I am so glad I did because I love the look of them now. She’s even had her first retightening of about half of her head, which we did with the nappylocks tool. I think we are both really going to love these as they start to mature because they will thicken up a bit so you won’t see as much of her scalp, and we both love the carefree feeling of not having to worry about starting a new hairdo for hours every two weeks. She is loving the feeling of being “wash and wear” as we can spritz them with water in the morning if they are too mussed from sleeping, and then off she goes to school. newly-locked-back


I do admit that I miss many of the fun hairdos that I used to be able to do, but she doesn’t miss the hours and hours of sitting while watching movies as Mom cornrowed her hair. Now, unless we are retightening, which I think will be about every 5 weeks for us, she is free to do whatever she wants while she watches a movie. No more watching out of the corner of her eye while Mom worked on a side of her head! 🙂 Just for fun, here are a few of the hairdos we have done in the past.

Fourth of July hairdo

with extensions



flat twists to box braids

flat twists to box braids -front


curving cornrows

First grade photo --3 months before deciding on locs

As her locs grow, we will be able to start doing more fun hairdos, and I am excited to try them as I have become a loc-blog junkie. I read countless blogs by women who have locked hair and am thrilled to see how happy they are with their natural hair. As Micheline grows, they will be great examples for her on why she should keep her hair natural. I absolutely love it and am so glad we are taking this step! As you can see, the finished product is gorgeous!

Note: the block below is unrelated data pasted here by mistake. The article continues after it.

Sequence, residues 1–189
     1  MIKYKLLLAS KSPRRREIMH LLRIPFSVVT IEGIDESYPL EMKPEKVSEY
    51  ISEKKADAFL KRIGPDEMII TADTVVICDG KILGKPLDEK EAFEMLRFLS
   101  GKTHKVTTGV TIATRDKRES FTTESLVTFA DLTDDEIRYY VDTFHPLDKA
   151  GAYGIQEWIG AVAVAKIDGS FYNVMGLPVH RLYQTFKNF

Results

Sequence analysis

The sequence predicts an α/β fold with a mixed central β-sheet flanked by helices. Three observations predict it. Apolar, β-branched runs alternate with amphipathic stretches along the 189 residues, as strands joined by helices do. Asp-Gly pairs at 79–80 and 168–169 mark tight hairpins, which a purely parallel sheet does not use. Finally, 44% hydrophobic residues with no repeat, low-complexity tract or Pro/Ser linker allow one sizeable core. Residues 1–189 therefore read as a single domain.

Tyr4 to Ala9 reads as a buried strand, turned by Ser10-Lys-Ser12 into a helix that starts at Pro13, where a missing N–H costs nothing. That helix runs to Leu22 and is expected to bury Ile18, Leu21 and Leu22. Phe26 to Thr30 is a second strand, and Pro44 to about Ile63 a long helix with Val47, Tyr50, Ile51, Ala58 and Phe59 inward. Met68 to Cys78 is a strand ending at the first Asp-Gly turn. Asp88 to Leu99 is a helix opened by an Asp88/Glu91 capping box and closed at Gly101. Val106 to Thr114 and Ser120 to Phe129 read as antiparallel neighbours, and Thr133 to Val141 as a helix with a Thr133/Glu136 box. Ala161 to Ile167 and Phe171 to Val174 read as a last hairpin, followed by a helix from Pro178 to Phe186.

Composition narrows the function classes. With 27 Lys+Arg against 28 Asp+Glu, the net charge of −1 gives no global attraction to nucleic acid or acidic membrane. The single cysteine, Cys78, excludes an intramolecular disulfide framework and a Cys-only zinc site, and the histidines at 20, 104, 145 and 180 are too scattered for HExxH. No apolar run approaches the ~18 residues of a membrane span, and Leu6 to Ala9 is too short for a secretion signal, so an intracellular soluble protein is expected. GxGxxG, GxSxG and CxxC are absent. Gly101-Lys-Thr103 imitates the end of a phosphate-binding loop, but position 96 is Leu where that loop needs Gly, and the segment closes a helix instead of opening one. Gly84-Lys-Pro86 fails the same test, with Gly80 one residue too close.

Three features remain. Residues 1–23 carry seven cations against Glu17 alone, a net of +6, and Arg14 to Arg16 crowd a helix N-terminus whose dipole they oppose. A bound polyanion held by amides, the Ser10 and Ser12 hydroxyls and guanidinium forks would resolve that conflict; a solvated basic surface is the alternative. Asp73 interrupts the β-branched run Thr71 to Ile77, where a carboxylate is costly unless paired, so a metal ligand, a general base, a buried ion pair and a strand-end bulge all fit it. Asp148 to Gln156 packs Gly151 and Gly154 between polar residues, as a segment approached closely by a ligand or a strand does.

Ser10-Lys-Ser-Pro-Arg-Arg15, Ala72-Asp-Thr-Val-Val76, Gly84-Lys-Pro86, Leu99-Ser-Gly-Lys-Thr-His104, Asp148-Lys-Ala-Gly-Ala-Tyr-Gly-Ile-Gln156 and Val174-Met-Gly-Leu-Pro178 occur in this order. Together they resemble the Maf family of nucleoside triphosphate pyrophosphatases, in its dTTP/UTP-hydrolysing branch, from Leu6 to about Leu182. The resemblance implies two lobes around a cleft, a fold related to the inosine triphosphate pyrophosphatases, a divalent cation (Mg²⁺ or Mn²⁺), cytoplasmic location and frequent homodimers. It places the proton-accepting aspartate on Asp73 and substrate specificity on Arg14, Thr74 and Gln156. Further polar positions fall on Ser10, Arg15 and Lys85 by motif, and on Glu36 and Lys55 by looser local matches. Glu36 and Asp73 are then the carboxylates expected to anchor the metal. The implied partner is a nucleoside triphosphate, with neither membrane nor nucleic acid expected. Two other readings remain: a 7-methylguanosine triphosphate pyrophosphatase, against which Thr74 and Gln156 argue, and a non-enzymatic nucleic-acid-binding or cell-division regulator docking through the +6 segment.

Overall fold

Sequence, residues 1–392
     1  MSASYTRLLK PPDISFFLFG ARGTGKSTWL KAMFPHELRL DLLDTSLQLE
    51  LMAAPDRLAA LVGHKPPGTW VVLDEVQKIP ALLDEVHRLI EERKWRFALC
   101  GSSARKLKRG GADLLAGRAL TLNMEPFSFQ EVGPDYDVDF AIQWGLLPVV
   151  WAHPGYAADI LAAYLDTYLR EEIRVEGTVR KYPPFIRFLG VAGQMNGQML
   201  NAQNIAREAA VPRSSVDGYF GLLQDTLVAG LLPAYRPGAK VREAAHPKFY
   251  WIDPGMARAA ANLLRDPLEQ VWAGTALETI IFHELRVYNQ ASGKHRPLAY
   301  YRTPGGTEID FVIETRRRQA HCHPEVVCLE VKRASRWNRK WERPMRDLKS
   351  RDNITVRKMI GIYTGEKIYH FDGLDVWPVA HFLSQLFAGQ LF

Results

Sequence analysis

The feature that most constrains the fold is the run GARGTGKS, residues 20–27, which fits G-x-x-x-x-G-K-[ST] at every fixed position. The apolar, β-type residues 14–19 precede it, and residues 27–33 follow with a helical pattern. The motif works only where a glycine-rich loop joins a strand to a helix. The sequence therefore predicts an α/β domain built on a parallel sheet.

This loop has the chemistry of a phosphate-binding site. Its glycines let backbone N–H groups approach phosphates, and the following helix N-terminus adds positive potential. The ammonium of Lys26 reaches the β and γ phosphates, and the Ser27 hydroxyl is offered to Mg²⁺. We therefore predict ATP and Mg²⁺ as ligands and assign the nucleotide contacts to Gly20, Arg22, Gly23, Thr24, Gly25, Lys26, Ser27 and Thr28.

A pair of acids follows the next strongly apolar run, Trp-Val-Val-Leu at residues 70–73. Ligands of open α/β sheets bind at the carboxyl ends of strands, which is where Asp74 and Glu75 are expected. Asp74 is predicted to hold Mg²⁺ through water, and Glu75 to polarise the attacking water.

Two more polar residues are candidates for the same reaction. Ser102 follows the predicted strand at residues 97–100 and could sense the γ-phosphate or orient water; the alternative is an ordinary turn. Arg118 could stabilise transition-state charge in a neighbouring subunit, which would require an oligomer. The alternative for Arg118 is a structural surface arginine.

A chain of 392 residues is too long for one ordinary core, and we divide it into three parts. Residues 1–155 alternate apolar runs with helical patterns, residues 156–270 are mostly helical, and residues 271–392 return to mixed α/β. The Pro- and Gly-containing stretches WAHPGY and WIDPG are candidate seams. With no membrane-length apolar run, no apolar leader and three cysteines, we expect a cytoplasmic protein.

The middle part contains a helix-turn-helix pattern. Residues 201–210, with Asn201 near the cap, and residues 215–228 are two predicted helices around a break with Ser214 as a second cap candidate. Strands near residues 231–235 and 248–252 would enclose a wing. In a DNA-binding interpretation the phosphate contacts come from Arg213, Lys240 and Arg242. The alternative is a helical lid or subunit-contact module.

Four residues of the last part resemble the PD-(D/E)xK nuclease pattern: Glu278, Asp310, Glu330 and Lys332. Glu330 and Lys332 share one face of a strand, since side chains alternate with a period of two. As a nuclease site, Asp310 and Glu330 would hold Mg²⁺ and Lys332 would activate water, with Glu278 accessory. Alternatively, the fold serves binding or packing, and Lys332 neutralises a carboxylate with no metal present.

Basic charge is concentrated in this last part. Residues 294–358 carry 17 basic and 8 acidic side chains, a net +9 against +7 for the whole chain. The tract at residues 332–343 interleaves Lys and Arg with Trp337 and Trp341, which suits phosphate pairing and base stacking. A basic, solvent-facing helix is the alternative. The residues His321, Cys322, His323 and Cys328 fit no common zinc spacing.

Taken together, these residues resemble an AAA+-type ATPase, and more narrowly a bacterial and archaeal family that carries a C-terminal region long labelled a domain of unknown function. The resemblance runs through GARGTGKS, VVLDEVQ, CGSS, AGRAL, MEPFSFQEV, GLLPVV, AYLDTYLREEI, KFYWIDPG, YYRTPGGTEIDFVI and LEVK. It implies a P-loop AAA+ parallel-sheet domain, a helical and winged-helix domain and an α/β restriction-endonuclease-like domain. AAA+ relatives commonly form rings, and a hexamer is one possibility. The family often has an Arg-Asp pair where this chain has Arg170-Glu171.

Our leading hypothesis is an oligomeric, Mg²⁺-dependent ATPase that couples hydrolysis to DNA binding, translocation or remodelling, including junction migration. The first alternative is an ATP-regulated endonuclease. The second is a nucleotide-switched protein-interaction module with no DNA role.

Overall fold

beautiful girl, beautiful locs

beautiful shot with gorgeous locs


Filed under Hair care, locs, Parenting, Uncategorized

Reviewed by the state

When we started our foster care licensing journey, I inwardly laughed at those who told me it took them over 6 months to become licensed. I scoffed when our agency told us it would be at least 4 months and maybe closer to 6. After all, I was the dossier queen. I could put an entire dossier together for an international adoption in well under four months. This included a homestudy update, physicals, police clearances, a bazillion documents such as birth certificates and our marriage license, immigration applications, and being fingerprinted for clearance by the FBI. I also had all of my documents certified by the state and then authenticated by the Haitian consulate in Chicago and got the entire dossier translated into French before I sent it via DHL to Haiti. I was convinced I would show these people how it was done and how fast we could actually become licensed foster parents.

A Haitian adoption, unlike a Chinese one, also requires a psychological evaluation of both parents. Had we received the eval after our arduous foster care process, we probably would not have passed as I am convinced that this journey is making me crazy.